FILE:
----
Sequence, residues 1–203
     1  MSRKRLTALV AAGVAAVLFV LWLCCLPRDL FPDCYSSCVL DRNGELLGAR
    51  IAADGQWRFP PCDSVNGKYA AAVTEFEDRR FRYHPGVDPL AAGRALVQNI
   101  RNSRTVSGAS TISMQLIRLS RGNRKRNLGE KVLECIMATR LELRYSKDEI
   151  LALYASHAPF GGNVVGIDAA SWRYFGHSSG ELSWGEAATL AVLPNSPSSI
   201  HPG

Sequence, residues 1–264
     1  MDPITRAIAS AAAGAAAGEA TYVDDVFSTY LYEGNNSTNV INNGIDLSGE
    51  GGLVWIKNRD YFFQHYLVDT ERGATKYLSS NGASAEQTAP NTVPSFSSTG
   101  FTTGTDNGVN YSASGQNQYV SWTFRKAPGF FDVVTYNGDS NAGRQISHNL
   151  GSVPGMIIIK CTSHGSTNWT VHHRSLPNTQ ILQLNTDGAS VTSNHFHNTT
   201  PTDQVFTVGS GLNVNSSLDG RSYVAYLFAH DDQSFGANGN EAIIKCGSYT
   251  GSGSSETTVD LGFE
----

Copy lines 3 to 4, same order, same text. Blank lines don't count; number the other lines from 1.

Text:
    51  IAADGQWRFP PCDSVNGKYA AAVTEFEDRR FRYHPGVDPL AAGRALVQNI
   101  RNSRTVSGAS TISMQLIRLS RGNRKRNLGE KVLECIMATR LELRYSKDEI